By Jim Taylor, Editor MACS ACtion Magazine
After oral proceedings on March 27, a three member panel of examiners at the European Patent Office (EPO) revoked Honeywell International’s patent on a family of chemicals that includes HFO-1234yf and its use as a refrigerant In automotive air conditioning systems. The decision concluded a six-year saga that brought opposition to the patent from many other companies and generated more than 800 documents. The company has already appealed the decision.
The patent in question originated in 2005 when Honeywell was issued a European patent for “…compositions comprising at lease one fluoroalkene containing from 3 to 4 carbon atoms, preferably three carbon atoms, and at least one carbon-carbon double bond. The fluoroalkene compounds are sometimes referred to…for the purpose of convenience as hydrofluoro-olefins or “HFOs” if the contain at least one hydrogen.”
In the patent world not only must the chemistry and process be specified but also the intended use(s) of the product. In this case, the company noted that variants of the chemical are useful for “heat transfer, foam blowing, solvating, flavor and fragrance extraction or delivery, and aerosol generation.” The initial patent was issued after a standard review by the EPO.
In 2006, Honeywell sought to amend the patent by adding additional details and new specific uses, including one variant, HFO-1234yf specifically for vehicle air conditioning. This started a multi-year back and forth exchange between EPO and company as various clauses needed revision or had to be brought into conformity with patent law. Since the discussion was between the patent owner (called Proprietor) and the EPO, others couldn’t object but they certainly were watching.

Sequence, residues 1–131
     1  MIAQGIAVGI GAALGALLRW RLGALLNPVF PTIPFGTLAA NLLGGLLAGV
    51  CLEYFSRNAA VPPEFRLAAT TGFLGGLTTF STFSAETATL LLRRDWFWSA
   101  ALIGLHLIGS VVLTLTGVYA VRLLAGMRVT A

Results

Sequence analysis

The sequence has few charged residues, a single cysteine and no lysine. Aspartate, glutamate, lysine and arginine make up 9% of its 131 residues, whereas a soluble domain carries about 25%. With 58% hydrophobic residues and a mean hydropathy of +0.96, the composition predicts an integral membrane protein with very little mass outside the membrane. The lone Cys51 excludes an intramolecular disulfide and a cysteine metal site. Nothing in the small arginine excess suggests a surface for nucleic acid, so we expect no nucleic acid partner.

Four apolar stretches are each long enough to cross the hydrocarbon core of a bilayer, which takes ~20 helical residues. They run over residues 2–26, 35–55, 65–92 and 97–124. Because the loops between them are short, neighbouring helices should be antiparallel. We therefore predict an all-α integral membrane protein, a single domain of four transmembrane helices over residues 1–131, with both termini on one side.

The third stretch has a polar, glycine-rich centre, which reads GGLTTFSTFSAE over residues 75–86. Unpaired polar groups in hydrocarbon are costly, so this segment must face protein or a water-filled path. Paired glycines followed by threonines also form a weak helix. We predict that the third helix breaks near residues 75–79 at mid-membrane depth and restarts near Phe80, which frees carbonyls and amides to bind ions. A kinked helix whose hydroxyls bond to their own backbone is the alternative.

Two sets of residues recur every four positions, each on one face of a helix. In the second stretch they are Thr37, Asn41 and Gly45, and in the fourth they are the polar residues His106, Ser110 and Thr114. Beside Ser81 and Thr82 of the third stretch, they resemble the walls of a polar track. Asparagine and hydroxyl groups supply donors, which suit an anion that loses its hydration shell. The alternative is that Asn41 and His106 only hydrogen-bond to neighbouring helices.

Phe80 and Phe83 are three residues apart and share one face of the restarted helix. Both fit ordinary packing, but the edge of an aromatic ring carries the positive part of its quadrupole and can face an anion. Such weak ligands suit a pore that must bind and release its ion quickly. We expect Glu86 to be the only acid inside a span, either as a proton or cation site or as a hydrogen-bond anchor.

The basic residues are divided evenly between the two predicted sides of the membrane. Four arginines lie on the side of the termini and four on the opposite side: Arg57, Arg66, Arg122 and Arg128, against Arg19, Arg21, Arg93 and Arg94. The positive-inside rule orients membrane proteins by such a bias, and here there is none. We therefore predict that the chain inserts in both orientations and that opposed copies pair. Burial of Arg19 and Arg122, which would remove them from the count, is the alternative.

The amended patent was published in November, 2009 and in late January of the next year, Arkema France filed the first formal objection to the patent. By the end of that year they had been joined by Daikin Industries, Asahi Glass Co., Daimler AG, ACEA, BMW AG, Mexichem, Solvay Fluor, and high-profile European patent attorney Michael Wallinger; all filed individual formal objections with EPO.
Documents flew thick and fast, and the proprietor offered more amendments to the patent, trying to dial it in to an acceptable level. The main points made by the opposition were that the added subject matter wasn’t mentioned in detail in the original, the entire patent “lacked novelty” as most of the methods and uses were already known to “those skilled in the art,” and that the whole patent had a “lack of inventive step(s).”
Finally EPO called for Oral Proceedings in March of this year. It’s not a trial as such, but more of a hearing before a panel of examiners who attempt to untie the knotty questions via the many laws and regulations in effect. Although three days were allotted for the Orals, by the end of the first day the tribunal had made its decision.
”The patent is revoked under Article 101(2) EPC as at least one of the grounds of oppositions prejudices its maintenance unamended, and under Article 101(3) (b) EPC because taking into account the amendments made by the proprietor during the opposition proceedings, the patent and the invention to which it relates do no meet the requirements of the EPC.” (European Patent Convention)
Two days later, Honeywell filed a Notice of Appeal and requested that the panel’s decision be overturned.
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